The first point Lenin makes is that Mach himself states, in “Analysis of Sensations,” that he started out as a Kantian and then identified more with Berkeley and Hume. So there is no doubt about his relation to the Idealist tradition. But what of Avenarius?

Avenarius claims that as far back as 1876 he, though liking Kant, was the first to “purify” him by getting rid of the a priori nature of reason (i.e., the categories or filters by which we MUST experience the world) and by dumping the “thing-in-itself” because it is not experienced but, he writes, “imported into it [experience] by thought.”

Lenin says that Avenarius’ views are the same as Mach’s and that it is not true that he was the first to object to apriorism and the “thing-in-itself.” In 1792 Schulze-Aenesidemus [Aenesidemus, an ancient Skeptic, was the pen name of Gottlob Ernst Schulze 1761-1833, Schopenhauer’s teacher at Gottingen] had made the same objections. They had also been made by Fichte. The “thing-in-itself” was too much of a concession to materialism and the categories were not themselves experienced, being preconditions.

The Russian Machists have missed the point that Avenarius and Mach have criticized Kant from the Right (idealism) not the Left (materialism). What is more, they have made (they being Bogdanov, Bazarov, Yushkevich and Valentinov) the charge that Plekhanov has made a “luckless attempt to reconcile Engels with Kant by the aid of a compromise — a thing-in-itself which is just a wee bit knowable.” Lenin says this quote from their works shows a “bottomless pit of utter confusion” both of Kant and of classical German philosophy [one of the three component parts of Marxism].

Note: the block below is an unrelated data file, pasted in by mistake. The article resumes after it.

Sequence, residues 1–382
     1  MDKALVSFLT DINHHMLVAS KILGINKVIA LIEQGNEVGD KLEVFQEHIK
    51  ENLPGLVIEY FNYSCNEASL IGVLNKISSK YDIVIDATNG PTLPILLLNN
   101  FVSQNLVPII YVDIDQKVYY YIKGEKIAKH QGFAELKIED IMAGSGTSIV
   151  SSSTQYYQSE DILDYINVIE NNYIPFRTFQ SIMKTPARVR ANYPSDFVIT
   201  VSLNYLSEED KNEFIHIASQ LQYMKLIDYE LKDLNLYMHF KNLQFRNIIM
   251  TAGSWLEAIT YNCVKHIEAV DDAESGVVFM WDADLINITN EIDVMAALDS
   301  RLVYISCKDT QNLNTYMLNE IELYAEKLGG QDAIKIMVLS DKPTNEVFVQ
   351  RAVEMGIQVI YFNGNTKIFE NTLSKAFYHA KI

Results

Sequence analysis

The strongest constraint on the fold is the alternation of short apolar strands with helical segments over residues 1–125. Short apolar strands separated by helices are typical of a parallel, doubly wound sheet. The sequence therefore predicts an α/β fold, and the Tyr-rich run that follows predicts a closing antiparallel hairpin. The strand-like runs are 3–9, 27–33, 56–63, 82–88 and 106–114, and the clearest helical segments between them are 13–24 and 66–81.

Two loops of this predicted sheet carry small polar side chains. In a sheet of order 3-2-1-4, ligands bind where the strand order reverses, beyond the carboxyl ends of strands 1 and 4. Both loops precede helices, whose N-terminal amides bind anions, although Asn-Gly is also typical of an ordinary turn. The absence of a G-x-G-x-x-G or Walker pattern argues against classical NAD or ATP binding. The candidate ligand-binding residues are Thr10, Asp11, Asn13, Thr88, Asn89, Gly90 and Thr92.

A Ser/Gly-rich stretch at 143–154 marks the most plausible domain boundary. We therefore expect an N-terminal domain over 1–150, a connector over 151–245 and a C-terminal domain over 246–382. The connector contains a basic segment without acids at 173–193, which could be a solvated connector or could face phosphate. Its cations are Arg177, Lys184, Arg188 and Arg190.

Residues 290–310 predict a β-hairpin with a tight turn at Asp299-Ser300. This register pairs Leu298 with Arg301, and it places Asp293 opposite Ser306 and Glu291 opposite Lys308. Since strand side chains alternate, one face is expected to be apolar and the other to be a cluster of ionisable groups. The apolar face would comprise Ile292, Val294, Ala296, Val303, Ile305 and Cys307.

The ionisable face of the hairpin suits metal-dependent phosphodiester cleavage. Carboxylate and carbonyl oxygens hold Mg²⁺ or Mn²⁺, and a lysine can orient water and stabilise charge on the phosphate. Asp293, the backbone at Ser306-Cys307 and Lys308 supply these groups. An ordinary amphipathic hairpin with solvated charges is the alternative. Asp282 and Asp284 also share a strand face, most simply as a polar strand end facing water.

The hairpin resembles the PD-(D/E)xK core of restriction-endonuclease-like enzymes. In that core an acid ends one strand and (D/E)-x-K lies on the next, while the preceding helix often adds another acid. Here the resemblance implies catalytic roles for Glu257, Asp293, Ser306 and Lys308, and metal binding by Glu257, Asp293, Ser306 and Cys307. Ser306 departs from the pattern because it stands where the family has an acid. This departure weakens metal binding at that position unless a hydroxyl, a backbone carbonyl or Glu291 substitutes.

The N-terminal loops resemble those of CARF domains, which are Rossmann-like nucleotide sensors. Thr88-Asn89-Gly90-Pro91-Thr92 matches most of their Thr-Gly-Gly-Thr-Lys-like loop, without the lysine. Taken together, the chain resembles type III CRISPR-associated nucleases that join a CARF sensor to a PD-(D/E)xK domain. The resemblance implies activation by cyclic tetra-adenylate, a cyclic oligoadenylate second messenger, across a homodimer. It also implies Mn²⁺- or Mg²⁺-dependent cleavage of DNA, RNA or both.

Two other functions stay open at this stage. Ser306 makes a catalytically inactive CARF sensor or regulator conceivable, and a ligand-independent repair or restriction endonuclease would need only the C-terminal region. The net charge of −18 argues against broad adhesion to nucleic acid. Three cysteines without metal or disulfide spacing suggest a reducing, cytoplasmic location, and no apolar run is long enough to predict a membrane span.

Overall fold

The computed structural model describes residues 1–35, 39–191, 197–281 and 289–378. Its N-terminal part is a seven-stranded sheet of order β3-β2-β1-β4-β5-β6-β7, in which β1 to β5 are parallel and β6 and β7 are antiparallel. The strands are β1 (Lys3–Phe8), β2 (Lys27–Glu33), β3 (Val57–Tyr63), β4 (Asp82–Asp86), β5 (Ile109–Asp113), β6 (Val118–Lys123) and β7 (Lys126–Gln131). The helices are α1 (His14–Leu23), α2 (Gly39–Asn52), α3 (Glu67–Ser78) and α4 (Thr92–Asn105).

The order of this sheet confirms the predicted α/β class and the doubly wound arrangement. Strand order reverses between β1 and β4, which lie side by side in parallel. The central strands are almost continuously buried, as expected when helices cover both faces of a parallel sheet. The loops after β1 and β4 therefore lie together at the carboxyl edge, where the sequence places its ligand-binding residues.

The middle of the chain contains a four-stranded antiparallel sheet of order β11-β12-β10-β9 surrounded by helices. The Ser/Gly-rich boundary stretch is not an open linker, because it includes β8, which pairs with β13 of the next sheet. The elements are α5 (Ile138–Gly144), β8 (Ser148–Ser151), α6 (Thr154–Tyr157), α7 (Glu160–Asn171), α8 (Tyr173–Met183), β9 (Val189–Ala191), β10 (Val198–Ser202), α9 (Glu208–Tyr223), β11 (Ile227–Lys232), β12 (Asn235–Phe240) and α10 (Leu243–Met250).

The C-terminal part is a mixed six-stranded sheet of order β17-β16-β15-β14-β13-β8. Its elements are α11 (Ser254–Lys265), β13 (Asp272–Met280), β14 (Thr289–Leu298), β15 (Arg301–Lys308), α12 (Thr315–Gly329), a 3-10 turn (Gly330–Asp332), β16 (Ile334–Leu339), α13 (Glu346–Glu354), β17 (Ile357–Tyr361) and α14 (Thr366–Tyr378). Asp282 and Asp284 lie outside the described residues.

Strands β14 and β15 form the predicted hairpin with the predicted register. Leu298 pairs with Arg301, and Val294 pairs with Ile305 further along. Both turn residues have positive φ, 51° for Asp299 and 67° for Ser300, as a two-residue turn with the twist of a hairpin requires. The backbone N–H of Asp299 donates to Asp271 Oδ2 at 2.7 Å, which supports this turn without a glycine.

Lenin says, “The principal feature of Kant’s philosophy is the reconciliation of materialism with idealism, a compromise between the two, the combination within one system of heterogeneous and contrary philosophical trends.”

Yes, but here is a question to think about. Why is this not a dialectical unity of opposites, a synthesis of a thesis (idealism) and antithesis (materialism), making Kantianism a higher philosophy than either of the others? Why is dialectical materialism so hostile to Kantianism rather than trying to make a synthetic unity with it?

At any rate, the Russian Machists did not notice, I think, that Lenin is saying when Engels or Plekhanov use the term “thing-in-itself” they are not referring to Kant’s transcendental noumena but to the objective independently existing objects we find in the real world. Plekhanov is not trying to “reconcile Engels with Kant.”

Lenin ends this section by quoting Feuerbach and his follower Albrecht Rau and Engels’ disciple Paul Lafargue as well as Kautsky (his book “Ethics”) about the perils of Kantianism and he concludes by saying, “Thus the ENTIRE SCHOOL of Feuerbach, Marx and Engels turned from Kant to the left, to a complete rejection of all idealism and of all agnosticism. “The Russian Machists may call themselves ‘Marxists’ but they are far from Marx and his ideas in philosophy.”

We will continue with chapter four in the next installment.


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This post was written by Thomas Riggins